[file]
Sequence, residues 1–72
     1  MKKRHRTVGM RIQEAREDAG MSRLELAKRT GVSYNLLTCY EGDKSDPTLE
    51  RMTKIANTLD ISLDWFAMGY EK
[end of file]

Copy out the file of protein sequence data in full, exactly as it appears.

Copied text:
Sequence, residues 1–72
     1  MKKRHRTVGM RIQEAREDAG MSRLELAKRT GVSYNLLTCY EGDKSDPTLE
    51  RMTKIANTLD ISLDWFAMGY EK